A Perfect Silence

Overview

A PERFECT SILENCE is Alba Ambert's novel about a Puerto Rican woman brought up in the South Bronx and her struggles to break the cycle of poverty and oppression which has plagued her family for generations. As both child and adult, Blanca was abused by both people and the economic system the creates the meanest, most violent ghettoes. In Bianca, Ambert explores how oppression breeds violence and entraps people, even after they escape poverty and become successful. Once Bianca breaks out of the ghetto, she is not ...
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Overview

A PERFECT SILENCE is Alba Ambert's novel about a Puerto Rican woman brought up in the South Bronx and her struggles to break the cycle of poverty and oppression which has plagued her family for generations. As both child and adult, Blanca was abused by both people and the economic system the creates the meanest, most violent ghettoes. In Bianca, Ambert explores how oppression breeds violence and entraps people, even after they escape poverty and become successful. Once Bianca breaks out of the ghetto, she is not free; there is a severe emotional price to pay. She suffers the pain of living between two cultures, two languages, two ways of perceiving the world; she is caught in the emotional limbo of a dual identity.
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Editorial Reviews

Publishers Weekly - Cahners\\Publishers_Weekly
Poet and short-story writer Ambert's first novel chronicles the harrowing tale of a young woman pulled unwillingly through life in New York's South Bronx. Blanca battles poverty, abuse and despair, but her toughest confrontation is with her own memories. "The memory is not clear, but reeks of an atavistic sadness, passive for centuries," she muses. "Atavistic sadness" might suggest the novel is a statement on the Puerto Rican people, in which case it might have resonated. But the events of one young woman's life are doled out relentlessly to the reader like so many strikes of a hammer. The novel begins with Blanca's most recent suicide attempt-her way of fighting the persistent oppression of recollection. Yet, although the story is written partly in the first person and recounts many of Blanca's abysmal experiences, it circles around reflection without defining the core of the problem. One feels that the author is trying hard but unsuccessfully to expose a devastating truth in these pages, but the suffocating atmosphere of this relentlessly depressing story traps the reader inside Blanca's "dark pain" without catharsis or surcease.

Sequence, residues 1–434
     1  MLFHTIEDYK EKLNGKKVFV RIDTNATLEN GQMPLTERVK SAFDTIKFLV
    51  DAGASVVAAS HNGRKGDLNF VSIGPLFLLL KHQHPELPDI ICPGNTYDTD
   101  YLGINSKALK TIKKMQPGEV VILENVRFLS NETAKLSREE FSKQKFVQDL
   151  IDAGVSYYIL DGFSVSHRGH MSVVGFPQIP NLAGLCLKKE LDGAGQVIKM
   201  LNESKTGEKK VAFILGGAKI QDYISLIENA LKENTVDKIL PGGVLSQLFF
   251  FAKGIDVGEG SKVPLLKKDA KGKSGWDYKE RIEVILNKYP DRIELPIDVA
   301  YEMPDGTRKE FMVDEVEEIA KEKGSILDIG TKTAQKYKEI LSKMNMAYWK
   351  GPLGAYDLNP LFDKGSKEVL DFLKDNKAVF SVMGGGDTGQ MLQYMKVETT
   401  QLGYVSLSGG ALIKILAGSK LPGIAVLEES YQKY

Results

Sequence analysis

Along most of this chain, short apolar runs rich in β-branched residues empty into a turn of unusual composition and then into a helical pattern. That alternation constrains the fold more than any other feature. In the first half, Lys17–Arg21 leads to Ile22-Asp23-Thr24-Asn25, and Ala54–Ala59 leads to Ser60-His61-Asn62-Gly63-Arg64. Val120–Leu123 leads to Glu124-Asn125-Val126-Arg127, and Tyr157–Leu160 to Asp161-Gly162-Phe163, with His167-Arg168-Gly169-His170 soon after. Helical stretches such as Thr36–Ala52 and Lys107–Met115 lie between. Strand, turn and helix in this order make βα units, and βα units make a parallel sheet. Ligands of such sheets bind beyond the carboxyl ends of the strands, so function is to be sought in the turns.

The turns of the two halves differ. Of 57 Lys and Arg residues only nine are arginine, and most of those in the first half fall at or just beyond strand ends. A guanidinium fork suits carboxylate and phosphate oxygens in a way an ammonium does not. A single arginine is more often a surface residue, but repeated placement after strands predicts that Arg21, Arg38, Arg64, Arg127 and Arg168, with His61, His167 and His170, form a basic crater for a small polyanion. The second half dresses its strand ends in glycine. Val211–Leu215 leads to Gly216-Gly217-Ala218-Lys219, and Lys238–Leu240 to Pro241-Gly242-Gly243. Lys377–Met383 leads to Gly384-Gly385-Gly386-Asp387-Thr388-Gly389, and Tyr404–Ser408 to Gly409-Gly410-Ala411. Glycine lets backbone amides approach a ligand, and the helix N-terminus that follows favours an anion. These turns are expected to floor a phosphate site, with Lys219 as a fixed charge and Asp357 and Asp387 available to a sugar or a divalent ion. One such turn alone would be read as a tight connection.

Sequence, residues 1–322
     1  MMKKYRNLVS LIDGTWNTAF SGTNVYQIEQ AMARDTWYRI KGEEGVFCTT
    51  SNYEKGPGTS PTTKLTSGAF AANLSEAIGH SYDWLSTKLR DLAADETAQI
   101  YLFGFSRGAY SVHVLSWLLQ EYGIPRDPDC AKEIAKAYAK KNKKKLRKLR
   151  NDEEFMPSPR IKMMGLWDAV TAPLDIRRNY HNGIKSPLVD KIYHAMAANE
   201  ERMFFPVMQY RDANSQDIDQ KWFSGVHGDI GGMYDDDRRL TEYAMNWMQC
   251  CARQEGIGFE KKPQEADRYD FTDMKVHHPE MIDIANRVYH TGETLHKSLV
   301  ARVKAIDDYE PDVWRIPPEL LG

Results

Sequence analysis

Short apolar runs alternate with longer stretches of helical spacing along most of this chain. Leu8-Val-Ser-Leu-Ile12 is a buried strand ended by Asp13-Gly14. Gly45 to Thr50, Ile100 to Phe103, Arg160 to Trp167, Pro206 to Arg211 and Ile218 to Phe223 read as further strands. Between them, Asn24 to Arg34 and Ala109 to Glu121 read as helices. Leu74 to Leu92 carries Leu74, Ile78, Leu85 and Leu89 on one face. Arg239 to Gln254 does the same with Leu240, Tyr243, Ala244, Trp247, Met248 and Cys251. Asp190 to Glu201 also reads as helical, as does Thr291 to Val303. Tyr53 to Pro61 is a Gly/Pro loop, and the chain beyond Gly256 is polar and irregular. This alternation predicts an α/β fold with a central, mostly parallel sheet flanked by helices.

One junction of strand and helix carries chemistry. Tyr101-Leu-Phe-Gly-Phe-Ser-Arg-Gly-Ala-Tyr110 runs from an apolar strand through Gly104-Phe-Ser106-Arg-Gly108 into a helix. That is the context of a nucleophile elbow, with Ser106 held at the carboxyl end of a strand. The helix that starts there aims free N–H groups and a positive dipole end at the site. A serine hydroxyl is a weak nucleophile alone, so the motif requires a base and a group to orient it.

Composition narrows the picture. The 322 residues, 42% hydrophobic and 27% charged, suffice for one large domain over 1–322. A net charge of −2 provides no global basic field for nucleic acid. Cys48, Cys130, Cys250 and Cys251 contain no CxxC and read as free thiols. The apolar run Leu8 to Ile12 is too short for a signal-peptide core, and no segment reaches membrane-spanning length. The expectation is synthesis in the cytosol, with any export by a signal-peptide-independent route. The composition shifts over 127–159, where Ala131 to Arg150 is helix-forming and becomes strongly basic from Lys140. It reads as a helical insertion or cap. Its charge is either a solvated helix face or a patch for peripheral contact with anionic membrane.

Publishers Weekly - Publisher's Weekly
Poet and short-story writer Ambert's first novel chronicles the harrowing tale of a young woman pulled unwillingly through life in New York's South Bronx. Blanca battles poverty, abuse and despair, but her toughest confrontation is with her own memories. ``The memory is not clear, but reeks of an atavistic sadness, passive for centuries,'' she muses. ``Atavistic sadness'' might suggest the novel is a statement on the Puerto Rican people, in which case it might have resonated. But the events of one young woman's life are doled out relentlessly to the reader like so many strikes of a hammer. The novel begins with Blanca's most recent suicide attempt-her way of fighting the persistent oppression of recollection. Yet, although the story is written partly in the first person and recounts many of Blanca's abysmal experiences, it circles around reflection without defining the core of the problem. One feels that the author is trying hard but unsuccessfully to expose a devastating truth in these pages, but the suffocating atmosphere of this relentlessly depressing story traps the reader inside Blanca's ``dark pain'' without catharsis or surcease. (Mar.)
Library Journal
The University of Houston's Arte Pblico Press reconfirms its niche as a major publisher of Hispanic American works by introducing readers to these four new novels by Latinas. Both Ambert and Espinosa explore abusephysical, sexual, emotionalas metaphors for women's subjugation and degradation. Ambert's A Perfect Silence examines the case of Blanca, a young Puerto Rican whose life alternates between Puerto Rico and New York; she endeavors to escape poverty and abuse through education, only to find that the price is madness. Chilean-born Adrianne, of Espinosa's Dark Plums, goes from nearly nonstop casual sexual encounters with men and women to brutal prostitution but ultimately, like Blanca, emerges with a whole, if bruised, identity. Lachtman's more traditional novel examines the life of Angela Martn/Angela Raines. At the age of nine, living in the barrio of Depression-era Los Angeles, Angela agonizingly learns that it is a crime to be Mexican as she witnesses her adored father's unjust beating and arrest by immigration authorities. Twenty-year-old Angela formally rejects her Mexican heritage as she marries an Anglo and becomes a perfect suburban housewife. Thirty years later, with a reprieve from cancer, Angela finally attempts to heal the wounds that bifurcate her two lives. Rivera's African Passions is a collection of eight interwoven stories about passionate Cuban American women. Recurring characters, family relationships, and the Jersey City Hispanic barrio connect the stories, as does Rivera's delicious sense of humor. These first novels are all appropriate for Latino and women's literature collections in academic and large public libraries.Mary Margaret Benson, Linfield Coll. Lib., McMinnville, Ore.
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Product Details

  • ISBN-13: 9781558851252
  • Publisher: Arte Publico Press
  • Publication date: 1/1/1995
  • Edition description: New Edition
  • Pages: 234
  • Product dimensions: 5.91 (w) x 8.77 (h) x 0.99 (d)

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